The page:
Edit and Share Your Work in One Place

Technical Problems? Ask For Help and Collaborate on Drafts

Create your project in our state-of-the-art editor which includes code auto-completion and language-specific documentation. If you get stuck on an error, use the Ask for help button.

Generate, share (and revoke) secret links to your working drafts for review and collaboration. Once ready, publish versions under your Nextjournal profile on a permanent URL.


Jupyter notebooks are automatically rendered in GitHub repositories and nbviewer remains a popular way to share notebooks online. If the reader wants to interact with these notebooks, they will have to download the .ipynb file and install all dependencies or run it on a cloud service like Binder.

Reproducibility With a Single Click

  • Common Jupyter solutions create a plain text file that points to the source repositories, which will need to be downloaded on a new computer. Binary storage and version control require additional tools.
  • Common Jupyter cloud solutions do not offer robust version control

Instant Reproducibility and Component Reusability

Click the remix button to create an instant copy of the notebook including all dependencies down to the operating system:

The duplicate can be explored, edited, and run without a single extra step of configuration or installation.

Remix relies on Nextjournal's synchronous version control across all code, commentary, and data. Changes to the remix do not affect the original; changes to the original do not affect the remix. The original author automatically retains all attribution.

Environments can be reused on any computer with a web browser or Docker installed locally.

Download as Docker image from:
This image was imported from: latest

Environments can be built once and reused indefinitely. In fact, the Nextjournal team depends on the reproducible nature of our notebooks to build our default environments for Python, R, Julia, and Clojure. They are created like any other article with all the same benefits from remixing.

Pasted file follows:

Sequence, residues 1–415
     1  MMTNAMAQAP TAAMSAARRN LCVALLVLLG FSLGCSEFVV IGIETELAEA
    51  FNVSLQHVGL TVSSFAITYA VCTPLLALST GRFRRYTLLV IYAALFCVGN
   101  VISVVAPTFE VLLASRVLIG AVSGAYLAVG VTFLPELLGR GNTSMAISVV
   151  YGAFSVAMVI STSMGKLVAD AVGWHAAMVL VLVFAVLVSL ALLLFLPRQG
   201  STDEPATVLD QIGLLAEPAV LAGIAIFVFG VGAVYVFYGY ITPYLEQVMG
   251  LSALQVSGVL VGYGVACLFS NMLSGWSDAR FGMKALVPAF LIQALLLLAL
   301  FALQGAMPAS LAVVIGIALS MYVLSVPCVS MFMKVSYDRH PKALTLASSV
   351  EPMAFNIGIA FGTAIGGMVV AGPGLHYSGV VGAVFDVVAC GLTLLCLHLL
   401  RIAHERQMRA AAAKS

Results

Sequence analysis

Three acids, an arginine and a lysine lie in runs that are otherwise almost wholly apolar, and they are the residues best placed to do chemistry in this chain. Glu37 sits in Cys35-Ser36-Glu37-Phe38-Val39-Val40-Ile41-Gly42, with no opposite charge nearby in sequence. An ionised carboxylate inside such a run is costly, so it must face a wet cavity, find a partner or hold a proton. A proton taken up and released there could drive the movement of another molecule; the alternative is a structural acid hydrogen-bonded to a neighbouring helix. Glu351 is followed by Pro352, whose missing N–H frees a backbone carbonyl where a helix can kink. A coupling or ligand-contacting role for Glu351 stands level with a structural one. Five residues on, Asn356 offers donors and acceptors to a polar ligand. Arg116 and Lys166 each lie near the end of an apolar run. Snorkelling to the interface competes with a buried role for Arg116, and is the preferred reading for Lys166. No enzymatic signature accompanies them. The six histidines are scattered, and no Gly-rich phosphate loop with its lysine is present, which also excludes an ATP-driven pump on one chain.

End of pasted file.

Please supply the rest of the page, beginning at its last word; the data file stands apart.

When reproducing results from a Jupyter notebook, the notebook file (.ipynb), runtime environment, and data must all be available. Jupyter cloud solutions can help smooth this process, but there are drawbacks. This notebook will continue to look at the core Jupyter experience, which will provide insight into how the cloud services actually work.


Conda offers a number of command line utilities for managing environments. This is essential for building the runtime environment for the .ipynb file. The simplest, conda env export, will prepare a plain text file that can be used to build the environment on another computer.

!conda env export -n base -q > /results/environment.yml


The following cell takes the Jupyter environment and imports it into the NJ runtime.

> env.yml # Move the YAML file to another part of the system conda env create -p /opt/conda2 -f env.yml

There are multiple commands and configuration options when working with Jupyter environments that Nextjournal automates. Keep in mind:

  • When running a project on a new machine, conda env create will download all dependencies again. If there is an issue with the repository at some point in the future, the environment will not be easily reproducible.
  • Conda cannot guarantee package parity between operating systems - Linux, macOS, and Windows. This is not an issue with Nextjournal.

conda list --explicit will download an identical set of dependencies on a second computer. Note the output of the process indicates the dependency stack is for linux-64. The software spec-file.txt downloads will not be compatible with colleagues using Windows or macOS.

conda list --explicit > spec-file.txt
head spec-file.txt

If a repository moves or disappears before spec-file.txt is referenced, the only solution will be to find the dependency using some other method.

If you use GitHub for version control, it is possible to use yet another piece of software called Binder to turn a Git repo into a Jupyter notebook running in the browser able to reproduce results. However, it does not offer any security features and offers no direct version control integration.


Nextjournal was built for researchers, journalists, and scientists who want to focus on their work. The hours spent configuring a working system are better spent elsewhere. Best of all, if the convenience of Nextjournal is not self-evident after using the platform, there is no lock in. It's easy to import existing Jupyter/iPython, RMarkdown or Markdown notebooks and export any Nextjournal notebook to Markdown.